Lundby, C., Calbet, J. A. L., Sander, M., Hall, G. V., Mazzeo, R. S., Stray‐Gundersen, J., … Levine, B. D. (2007). Exercise economy does not change after acclimatization to moderate to very high altitude. Scandinavian Journal of Medicine & Science in Sports, 17(3), 281–291. Retrieved from https://doi.org/10.1111/j.1600-0838.2006.00530.x
Michalczyk, M., Czuba, M., Zydek, G., Zając, A., & Langfort, J. (2016). Dietary Recommendations for Cyclists during Altitude Training. Nutrients, 8(6), 377. Retrieved from https://doi.org/10.3390/nu8060377
Millet, Grégoire P, Faiss, R., Brocherie, F., & Girard, O. (2013). Hypoxic training and team sports: a challenge to traditional methods? British Journal of Sports Medicine, 47(Suppl 1), i6. Retrieved from https://doi.org/10.1136/bjsports-2013-092793
Millet, Gregoire P., Roels, B., Schmitt, L., Woorons, X., & Richalet, J. P. (2010). Combining Hypoxic Methods for Peak Performance. Sports Medicine, 40(1), 1–25. Retrieved from https://doi.org/10.2165/11317920-000000000-00000
Mujika, I., Sharma, A. P., & Stellingwerff, T. (2019). Contemporary Periodization of Altitude Training for Elite Endurance Athletes: A Narrative Review. Sports Medicine, 49(11), 1651–1669. Retrieved from https://doi.org/10.1007/s40279-019-01165-y
Neya, M., Enoki, T., Kumai, Y., Sugoh, T., & Kawahara, T. (2007). The effects of nightly normobaric hypoxia and high intensity training under intermittent normobaric hypoxia on running economy and hemoglobin mass. Journal of Applied Physiology, 103(3), 828–834. Retrieved from https://doi.org/10.1152/japplphysiol.00265.2007
Płoszczyca, K., Langfort, J., & Czuba, M. (2018). The Effects of Altitude Training on Erythropoietic Response and Hematological Variables in Adult Athletes: A Narrative Review. Frontiers in Physiology, 9, 375. Retrieved from https://doi.org/10.3389/fphys.2018.00375
Ponsot, E., Dufour, S. P., Doutreleau, S., Lonsdorfer-Wolf, E., Lampert, E., Piquard, F., … Richard, R. (2010). Impairment of maximal aerobic power with moderate hypoxia in endurance athletes: do skeletal muscle mitochondria play a role? American Journal of Physiology-Regulatory, Integrative and Comparative Physiology, 298(3), R558–R566. Retrieved from https://doi.org/10.1152/ajpregu.00216.2009
Pottgiesser, T., Ahlgrim, C., Ruthardt, S., Dickhuth, H.-H., & Schumacher, Y. O. (2009). Hemoglobin mass after 21 days of conventional altitude training at 1816m. Journal of Science and Medicine in Sport, 12(6), 673–675. Retrieved from https://doi.org/10.1016/j.jsams.2008.06.005
Roberts, A. C., Butterfield, G. E., Cymerman, A., Reeves, J. T., Wolfel, E. E., & Brooks, G. A. (1996). Acclimatization to 4,300-m altitude decreases reliance on fat as a substrate. Journal of Applied Physiology, 81(4), 1762–1771. Retrieved from https://doi.org/10.1152/jappl.1922.214.171.1242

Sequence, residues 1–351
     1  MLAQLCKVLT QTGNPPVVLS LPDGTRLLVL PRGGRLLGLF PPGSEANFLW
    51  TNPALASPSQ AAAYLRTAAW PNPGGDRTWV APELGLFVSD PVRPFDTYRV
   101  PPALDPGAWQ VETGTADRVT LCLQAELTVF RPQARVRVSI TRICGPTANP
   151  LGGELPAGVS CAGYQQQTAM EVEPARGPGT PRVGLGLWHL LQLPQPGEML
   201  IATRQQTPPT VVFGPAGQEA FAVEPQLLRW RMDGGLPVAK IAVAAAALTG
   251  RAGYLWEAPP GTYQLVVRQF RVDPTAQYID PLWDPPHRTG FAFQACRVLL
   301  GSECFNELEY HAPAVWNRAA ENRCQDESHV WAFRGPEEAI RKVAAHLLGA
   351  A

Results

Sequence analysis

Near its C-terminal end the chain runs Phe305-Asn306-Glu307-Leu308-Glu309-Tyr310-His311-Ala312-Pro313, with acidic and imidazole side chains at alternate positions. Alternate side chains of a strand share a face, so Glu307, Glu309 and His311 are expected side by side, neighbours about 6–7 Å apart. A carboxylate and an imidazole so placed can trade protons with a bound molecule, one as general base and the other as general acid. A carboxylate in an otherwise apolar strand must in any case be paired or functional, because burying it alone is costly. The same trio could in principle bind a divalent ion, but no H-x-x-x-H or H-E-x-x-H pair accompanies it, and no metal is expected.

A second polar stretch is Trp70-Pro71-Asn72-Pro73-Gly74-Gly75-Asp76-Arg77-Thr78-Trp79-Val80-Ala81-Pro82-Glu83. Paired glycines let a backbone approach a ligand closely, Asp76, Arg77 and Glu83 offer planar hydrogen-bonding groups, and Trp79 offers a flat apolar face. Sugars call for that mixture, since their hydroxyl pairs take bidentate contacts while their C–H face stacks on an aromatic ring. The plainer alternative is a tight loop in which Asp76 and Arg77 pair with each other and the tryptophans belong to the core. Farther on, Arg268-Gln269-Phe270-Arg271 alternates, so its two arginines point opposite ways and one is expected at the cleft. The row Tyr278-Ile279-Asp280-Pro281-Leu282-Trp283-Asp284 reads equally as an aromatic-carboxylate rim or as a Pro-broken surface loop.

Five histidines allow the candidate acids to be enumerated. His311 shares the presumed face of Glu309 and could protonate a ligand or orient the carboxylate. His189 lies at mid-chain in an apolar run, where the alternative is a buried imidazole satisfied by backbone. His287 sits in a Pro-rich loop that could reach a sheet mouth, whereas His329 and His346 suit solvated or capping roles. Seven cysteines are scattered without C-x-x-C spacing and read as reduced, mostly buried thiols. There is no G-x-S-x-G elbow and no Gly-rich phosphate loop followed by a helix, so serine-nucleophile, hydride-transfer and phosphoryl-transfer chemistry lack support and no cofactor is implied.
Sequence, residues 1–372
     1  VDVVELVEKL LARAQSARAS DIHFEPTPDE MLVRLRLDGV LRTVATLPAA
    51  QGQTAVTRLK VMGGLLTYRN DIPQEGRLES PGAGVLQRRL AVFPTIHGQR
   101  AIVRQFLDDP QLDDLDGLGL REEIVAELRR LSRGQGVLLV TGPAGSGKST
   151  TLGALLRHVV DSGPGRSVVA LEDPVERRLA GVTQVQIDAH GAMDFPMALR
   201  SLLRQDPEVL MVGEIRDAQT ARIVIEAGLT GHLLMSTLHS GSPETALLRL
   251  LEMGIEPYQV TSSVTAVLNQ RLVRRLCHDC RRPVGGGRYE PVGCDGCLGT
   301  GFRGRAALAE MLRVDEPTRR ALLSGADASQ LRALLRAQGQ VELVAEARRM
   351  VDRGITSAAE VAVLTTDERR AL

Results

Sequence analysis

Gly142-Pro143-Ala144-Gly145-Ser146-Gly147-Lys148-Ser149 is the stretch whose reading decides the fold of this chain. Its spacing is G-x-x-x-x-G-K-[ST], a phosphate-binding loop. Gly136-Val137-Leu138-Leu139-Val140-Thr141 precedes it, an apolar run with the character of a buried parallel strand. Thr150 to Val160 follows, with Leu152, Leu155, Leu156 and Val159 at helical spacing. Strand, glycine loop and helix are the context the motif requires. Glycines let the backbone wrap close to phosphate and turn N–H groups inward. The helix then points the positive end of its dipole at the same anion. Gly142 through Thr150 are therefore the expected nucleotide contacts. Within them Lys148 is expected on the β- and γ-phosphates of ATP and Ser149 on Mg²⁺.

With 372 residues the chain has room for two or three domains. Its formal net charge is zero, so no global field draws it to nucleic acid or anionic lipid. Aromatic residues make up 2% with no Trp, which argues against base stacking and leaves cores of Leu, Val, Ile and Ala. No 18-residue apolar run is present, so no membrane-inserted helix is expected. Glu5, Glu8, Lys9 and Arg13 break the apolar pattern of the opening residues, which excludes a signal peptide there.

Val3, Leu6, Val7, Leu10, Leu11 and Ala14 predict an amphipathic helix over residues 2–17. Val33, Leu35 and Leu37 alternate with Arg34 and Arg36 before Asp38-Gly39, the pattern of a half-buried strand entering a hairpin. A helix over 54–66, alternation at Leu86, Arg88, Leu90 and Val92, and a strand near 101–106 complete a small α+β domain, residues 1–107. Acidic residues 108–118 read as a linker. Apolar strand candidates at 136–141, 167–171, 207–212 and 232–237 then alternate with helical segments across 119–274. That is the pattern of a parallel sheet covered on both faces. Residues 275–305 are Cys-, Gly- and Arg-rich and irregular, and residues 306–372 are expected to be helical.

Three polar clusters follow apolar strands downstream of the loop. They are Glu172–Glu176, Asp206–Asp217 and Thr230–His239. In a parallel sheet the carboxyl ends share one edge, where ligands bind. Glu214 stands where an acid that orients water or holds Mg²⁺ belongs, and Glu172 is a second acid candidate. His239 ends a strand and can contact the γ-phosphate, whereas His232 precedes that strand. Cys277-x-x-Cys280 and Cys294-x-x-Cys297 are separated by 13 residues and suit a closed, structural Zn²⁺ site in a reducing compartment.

Robertson, E. Y., Saunders, P. U., Pyne, D. B., Gore, C. J., & Anson, J. M. (2010). Effectiveness of intermittent training in hypoxia combined with live high/train low. European Journal of Applied Physiology, 110(2), 379–387. Retrieved from https://doi.org/10.1007/s00421-010-1516-5
Saunders, Philo U, Pyne, D. B., & Gore, C. J. (2009). Endurance Training at Altitude. High Altitude Medicine & Biology, 10(2), 135–148. Retrieved from https://doi.org/10.1089/ham.2008.1092
Saunders, P.U., Telford, R. D., Pyne, D. B., Hahn, A. G., & Gore, C. J. (2009). Improved running economy and increased hemoglobin mass in elite runners after extended moderate altitude exposure. Journal of Science and Medicine in Sport, 12(1), 67–72. Retrieved from https://doi.org/10.1016/j.jsams.2007.08.014
Schmitt, L., Millet, G., Robach, P., Nicolet, G., Brugniaux, J. V., Fouillot, J.-P., & Richalet, J.-P. (2006). Influence of “living high–training low” on aerobic performance and economy of work in elite athletes. European Journal of Applied Physiology, 97(5), 627–636. Retrieved from https://doi.org/10.1007/s00421-006-0228-3
Schmutz, S., Däpp, C., Wittwer, M., Durieux, A., Mueller, M., Weinstein, F., … Flück, M. (2010). A hypoxia complement differentiates the muscle response to endurance exercise. Experimental Physiology, 95(6), 723–735. Retrieved from https://doi.org/10.1113/expphysiol.2009.051029
Solien, J., Haynes, V., & Giulivi, C. (2005). Differential requirements of calcium for oxoglutarate dehydrogenase and mitochondrial nitric-oxide synthase under hypoxia: Impact on the regulation of mitochondrial oxygen consumption. Comparative Biochemistry and Physiology Part A: Molecular & Integrative Physiology, 142(2), 111–117. Retrieved from https://doi.org/10.1016/j.cbpb.2005.05.004